224 pp., 5.5 x 8.5, 2 maps, notes, bibl., index
Paperback ISBN: 978-1-4696-4253-6
Published: October 2017
eBook ISBN: 978-0-8078-8791-2
Published: June 2009
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Making their way through the Great Dismal Swamp, runaway servants from Virginia joined other renegades to establish a free society along the most inaccessible Atlantic coastline of North America. They created a new community on the banks of Albemarle Sound, maintaining peace with neighboring Native Americans, upholding the egalitarian values of the English Revolution, and ignoring the laws of the mother country.
Tapping into previously unused documents, McIlvenna explains how North Carolina's first planters struggled to impose a plantation society upon the settlers and how those early small farmers, defending a wide franchise and religious toleration, steadfastly resisted. She contends that the story of the Albemarle colony is a microcosm of the greater process by which a conglomeration of loosely settled, politically autonomous communities eventually succumbed to hierarchical social structures and elite rule. Highlighting the relationship between settlers and Native Americans, this study leads to a surprising new interpretation of the Tuscarora War.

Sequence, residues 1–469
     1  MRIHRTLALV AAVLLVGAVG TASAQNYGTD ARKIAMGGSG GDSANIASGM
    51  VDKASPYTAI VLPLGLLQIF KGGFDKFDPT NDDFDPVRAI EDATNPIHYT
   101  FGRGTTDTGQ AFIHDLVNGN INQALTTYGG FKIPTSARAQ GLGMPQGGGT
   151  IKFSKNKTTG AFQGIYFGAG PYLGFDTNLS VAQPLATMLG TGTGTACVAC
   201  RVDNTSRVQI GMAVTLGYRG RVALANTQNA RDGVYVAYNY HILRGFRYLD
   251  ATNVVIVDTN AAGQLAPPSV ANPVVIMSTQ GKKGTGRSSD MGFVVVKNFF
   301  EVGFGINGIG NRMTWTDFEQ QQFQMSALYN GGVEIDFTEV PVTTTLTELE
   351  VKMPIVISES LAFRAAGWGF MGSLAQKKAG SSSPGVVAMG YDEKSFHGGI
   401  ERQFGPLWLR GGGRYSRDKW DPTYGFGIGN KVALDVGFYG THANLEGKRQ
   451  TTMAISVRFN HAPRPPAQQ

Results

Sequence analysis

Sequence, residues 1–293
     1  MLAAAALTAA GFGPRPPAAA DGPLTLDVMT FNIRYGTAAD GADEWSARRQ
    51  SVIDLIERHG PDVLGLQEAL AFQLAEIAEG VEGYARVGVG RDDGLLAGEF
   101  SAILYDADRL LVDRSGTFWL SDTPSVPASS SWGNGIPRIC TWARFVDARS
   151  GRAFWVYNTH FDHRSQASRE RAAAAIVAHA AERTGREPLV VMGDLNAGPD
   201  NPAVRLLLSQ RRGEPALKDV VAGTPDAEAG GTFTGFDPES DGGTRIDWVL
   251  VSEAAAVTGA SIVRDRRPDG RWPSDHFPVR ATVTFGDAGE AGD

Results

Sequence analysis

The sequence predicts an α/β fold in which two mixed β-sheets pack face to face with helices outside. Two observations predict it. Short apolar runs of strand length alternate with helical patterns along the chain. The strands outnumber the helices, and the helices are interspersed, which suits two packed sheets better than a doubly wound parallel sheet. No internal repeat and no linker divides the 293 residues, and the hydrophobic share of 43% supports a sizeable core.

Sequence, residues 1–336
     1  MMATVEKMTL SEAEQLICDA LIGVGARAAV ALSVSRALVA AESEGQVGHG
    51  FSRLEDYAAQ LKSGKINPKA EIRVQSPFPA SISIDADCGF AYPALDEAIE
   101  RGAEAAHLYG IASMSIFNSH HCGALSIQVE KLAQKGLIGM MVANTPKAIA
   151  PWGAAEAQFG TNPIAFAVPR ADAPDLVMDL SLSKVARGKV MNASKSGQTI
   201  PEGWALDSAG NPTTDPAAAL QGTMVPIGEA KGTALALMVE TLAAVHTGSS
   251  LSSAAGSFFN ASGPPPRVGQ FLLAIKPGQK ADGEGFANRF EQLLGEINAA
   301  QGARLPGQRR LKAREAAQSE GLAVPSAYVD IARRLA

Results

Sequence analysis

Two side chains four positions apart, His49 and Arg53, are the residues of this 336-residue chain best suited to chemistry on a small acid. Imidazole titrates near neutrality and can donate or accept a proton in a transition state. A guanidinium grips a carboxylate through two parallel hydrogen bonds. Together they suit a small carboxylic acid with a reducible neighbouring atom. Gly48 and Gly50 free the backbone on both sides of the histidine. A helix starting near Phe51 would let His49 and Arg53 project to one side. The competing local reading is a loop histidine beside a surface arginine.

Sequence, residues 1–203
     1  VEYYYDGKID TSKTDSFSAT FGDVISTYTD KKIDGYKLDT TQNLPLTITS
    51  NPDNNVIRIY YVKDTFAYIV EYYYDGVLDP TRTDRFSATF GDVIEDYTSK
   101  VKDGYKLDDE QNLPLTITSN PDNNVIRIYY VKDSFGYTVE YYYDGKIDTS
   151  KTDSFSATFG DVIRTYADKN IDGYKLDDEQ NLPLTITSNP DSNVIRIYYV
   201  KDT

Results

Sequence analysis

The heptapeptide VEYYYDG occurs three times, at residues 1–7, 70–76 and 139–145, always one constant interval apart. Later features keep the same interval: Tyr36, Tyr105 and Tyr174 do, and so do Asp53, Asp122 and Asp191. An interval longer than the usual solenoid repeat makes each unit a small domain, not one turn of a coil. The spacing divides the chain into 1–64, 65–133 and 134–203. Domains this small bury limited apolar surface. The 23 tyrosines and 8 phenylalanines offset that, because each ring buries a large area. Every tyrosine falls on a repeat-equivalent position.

"McIlvenna . . . weave[s] together a vivid and coherent narrative of the political struggles that transformed the colony. . . . Introduces an insubordinate and defiant world previously overlooked by colonial historians."--North Carolina Historical Review
"This well-written volume is highly recommended. McIlvenna successfully integrates this little-known society into a wider Atlantic world and explains the meaningful ways that early North Carolina was truly different from its hierarchical neighbors."--Journal of American History
"An intriguing interpretation of Albemarle's tumultuous early years. . . . An important addition to the historiography of North Carolina and that surrounding the rise of the planter class."--Virginia Magazine of History and Biography
"Creatively utilizing an array of period accounts, McIlvenna reexamines this often-overlooked part of the Carolinas and convincingly argues a bold new interpretation of the Albemarle."--The Georgia Historical Quarterly
"McIlvenna demonstrates that North Carolina settlers marched to the beat of their own drums, making the state's early history profoundly different from that of any other early North American colony. A Very Mutinous People puts forth an important argument, fleshes out an ill-understood part of North Carolina's early history, and unearths a forgotten episode of early modern resistance to political and economic dependence."--Marjoleine Kars, author of Breaking Loose Together: The Regulator Rebellion in Pre-Revolutionary North Carolina
"McIlvenna's analysis is judicious in its assessments, is careful in the weighing of evidence, and most important, helps us understand North Carolina's development in the broader context of English colonization."--Alan Gallay, The Ohio State University